It would cost $10-30 billion to expand or on-shore production of microelectronics to meet domestic demand—and it would take years to accomplish. Obviously, that is too expensive and slow to enable a prompt coronavirus recovery and certainly not adequate during wartime. In the meantime, the nation and the Navy overwhelmingly (more than 80 percent) source microelectronics from East Asia—Korea, Taiwan, China and Japan, in descending order.
A compounding and growing issue identified by the Navy is counterfeit microelectronics that must also be screened from defense use. On this, action is overdue, but the Federal Acquisition Regulatory Council’s November 2019 requirement that defense vendors report cases of counterfeit microelectronics is hopeful.
The second is precision machine tools are necessary to fabricate and meet stringent military requirements. Shipyards, in particular, rely on precision machine tools, a cross-cutting sector impacting numerous production lines. Here, again, the United States relies on foreign sourcing. According to 2019 market data, the world’s top machine tool producers include China ($19.42 billion), Germany ($14.00 billion), Japan ($12.99 billion), Italy ($6.51 billion), United States ($6.00 billion), South Korea ($4.47 billion) and Taiwan ($3.95 billion). As additive manufacturing, or 3D printing, matures, there is the potential that it can mitigate some reliance on precision machine tools in the defense sector. However, this eventuality is uncertain and years in the future.
The third is tungsten, which the Navy uses as a critical component in its communications and radar systems. According to a 2021 United States Geological Survey report, China dominates the global trade and tungsten production, controlling over 80 percent of the market. While the United States does have significant tungsten deposits, it has not mined it commercially since 2015. Instead, it relies on six domestic companies to reprocess scrap and use chemical processes to convert concentrates. This does not produce nearly enough to meet needs. Aside from China, current imports are sourced from Bolivia, Germany and Spain.
The fourth, titanium is an important element in aircraft construction and marine hardware due to its corrosion resistance and strength.
In 2019 the United States sourced 86 percent of its titanium needs overseas, principally from Japan, Kazakhstan and Ukraine. Domestic production is limited today to a mine in Utah that is producing five hundred tons a year for electronics. Total United States consumption of titanium was 24,100 tons in 2020. Two additional titanium mines in Nevada and Utah have been idled due to market conditions but could produce upwards of 23,500 tons in a year if reactivated.
Finally, the fifth, aluminum figures significantly in the fabrication of several modern naval ships such as the Independence-variant of the Littoral Combat Ship, Spearhead-class expeditionary fast transport and various exhaust components and superstructure of the Navy’s fleet. Aluminum is imported as scrap, refined material or as raw bauxite that is then refined domestically. In 2020, the United States imported over 75 percent of its bauxite and 49 percent of its alumina—precursors for aluminum. Primary sources for these imports are Brazil, Australia, Jamaica, and Canada.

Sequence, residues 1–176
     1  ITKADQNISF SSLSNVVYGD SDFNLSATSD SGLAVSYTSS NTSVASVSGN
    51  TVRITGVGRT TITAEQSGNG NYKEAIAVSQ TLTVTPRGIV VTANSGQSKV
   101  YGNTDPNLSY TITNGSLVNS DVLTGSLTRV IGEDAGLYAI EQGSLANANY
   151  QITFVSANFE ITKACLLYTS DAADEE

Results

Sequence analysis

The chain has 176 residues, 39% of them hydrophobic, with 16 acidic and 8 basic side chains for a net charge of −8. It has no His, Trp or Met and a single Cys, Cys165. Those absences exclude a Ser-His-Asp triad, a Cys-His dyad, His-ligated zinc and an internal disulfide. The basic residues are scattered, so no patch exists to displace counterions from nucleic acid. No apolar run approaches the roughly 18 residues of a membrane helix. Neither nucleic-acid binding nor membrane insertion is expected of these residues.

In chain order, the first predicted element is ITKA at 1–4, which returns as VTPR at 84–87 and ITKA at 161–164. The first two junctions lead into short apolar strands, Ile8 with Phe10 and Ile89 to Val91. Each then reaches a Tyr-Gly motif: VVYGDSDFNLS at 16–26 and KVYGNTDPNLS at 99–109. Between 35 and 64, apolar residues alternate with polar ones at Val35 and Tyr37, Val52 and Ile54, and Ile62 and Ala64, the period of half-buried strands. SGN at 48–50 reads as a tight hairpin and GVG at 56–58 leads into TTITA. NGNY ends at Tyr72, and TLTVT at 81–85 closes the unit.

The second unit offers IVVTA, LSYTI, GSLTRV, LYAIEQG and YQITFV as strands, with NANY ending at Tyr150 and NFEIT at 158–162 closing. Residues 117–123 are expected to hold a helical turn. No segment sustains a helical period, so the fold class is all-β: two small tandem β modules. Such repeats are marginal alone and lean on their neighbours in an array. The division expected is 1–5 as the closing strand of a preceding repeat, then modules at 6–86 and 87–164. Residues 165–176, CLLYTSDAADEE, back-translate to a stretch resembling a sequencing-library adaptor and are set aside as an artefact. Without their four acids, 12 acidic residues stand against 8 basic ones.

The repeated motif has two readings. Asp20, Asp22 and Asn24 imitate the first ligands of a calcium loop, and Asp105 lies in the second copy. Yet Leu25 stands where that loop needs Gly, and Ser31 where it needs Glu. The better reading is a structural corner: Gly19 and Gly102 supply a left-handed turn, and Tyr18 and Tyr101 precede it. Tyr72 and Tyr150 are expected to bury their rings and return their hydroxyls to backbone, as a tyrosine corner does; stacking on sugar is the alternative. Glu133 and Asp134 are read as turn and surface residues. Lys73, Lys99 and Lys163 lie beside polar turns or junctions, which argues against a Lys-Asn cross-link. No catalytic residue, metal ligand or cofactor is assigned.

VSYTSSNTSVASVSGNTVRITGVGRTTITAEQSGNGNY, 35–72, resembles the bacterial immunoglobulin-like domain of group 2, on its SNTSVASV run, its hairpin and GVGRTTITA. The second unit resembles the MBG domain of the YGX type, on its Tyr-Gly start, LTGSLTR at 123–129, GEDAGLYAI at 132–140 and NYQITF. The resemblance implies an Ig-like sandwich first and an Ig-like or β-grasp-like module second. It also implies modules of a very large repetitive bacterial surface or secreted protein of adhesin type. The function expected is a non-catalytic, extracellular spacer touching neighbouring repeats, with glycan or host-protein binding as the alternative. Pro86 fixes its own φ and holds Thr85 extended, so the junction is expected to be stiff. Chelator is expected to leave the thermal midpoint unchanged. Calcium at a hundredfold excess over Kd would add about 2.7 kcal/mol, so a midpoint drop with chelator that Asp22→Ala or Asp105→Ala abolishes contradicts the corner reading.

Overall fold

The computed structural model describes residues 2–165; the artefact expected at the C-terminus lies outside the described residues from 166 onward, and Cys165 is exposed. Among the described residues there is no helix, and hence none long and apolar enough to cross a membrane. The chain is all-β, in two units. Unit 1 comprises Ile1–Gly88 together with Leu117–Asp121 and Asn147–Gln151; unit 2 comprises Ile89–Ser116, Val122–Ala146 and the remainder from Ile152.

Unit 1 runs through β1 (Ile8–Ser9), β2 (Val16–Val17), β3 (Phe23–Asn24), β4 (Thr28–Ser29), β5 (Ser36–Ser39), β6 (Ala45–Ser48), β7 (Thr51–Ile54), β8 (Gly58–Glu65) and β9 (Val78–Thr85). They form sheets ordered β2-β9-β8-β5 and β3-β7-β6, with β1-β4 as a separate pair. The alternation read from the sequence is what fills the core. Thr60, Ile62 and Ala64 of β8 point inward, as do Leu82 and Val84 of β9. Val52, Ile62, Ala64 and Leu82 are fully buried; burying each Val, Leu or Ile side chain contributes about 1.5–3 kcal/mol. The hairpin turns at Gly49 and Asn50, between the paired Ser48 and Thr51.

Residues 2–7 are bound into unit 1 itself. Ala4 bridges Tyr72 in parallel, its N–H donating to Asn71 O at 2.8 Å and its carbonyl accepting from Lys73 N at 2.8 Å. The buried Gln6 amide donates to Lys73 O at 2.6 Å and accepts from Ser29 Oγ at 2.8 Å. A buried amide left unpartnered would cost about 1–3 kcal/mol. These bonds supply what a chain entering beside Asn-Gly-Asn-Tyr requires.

Today there are actions the U.S. government has taken to secure strategic materials, these can be categorized as protections from foreign predatory practices, expansion of domestic production, and strategic stockpiling.
In 2018, President Donald Trump, in order to protect the U.S. industry from predatory practices, exercising the authority granted by the Trade Expansion Act of 1962, imposed duties on aluminum imports from China. That decision was based on findings of the Commerce Department that China had been dumping imports, causing harm to the nation’s security. The Trump administration subsequently expanded those anti-dumping duties to an additional eighteen countries.
The growth of domestic production has been notable in rare earths. As mentioned, China’s 2010 rare earth export shock stimulated a host of congressional actions to shore up domestic production that continue today—notably, grants and tax incentives to encourage domestic production; i.e. IBAS. The Defense Production Act (Title III) has been used to sustain a range of critical industrial resources and has aided in the production of rare earths. The act was last reviewed in 2018.
Lastly, since the oil shocks of the 1970s the nation has maintained the Strategic Petroleum Reserve, but today the military stockpiles a range of materials needed in a crisis. For example, the National Defense Stockpile and the Defense Logistic Agency’s (DLA) Warstopper Program are conceived to ensure the Department of Defense has war reserves adequate to see it through the initial phases of a crisis. Less clear is how long these stockpiles would last in a prolonged war.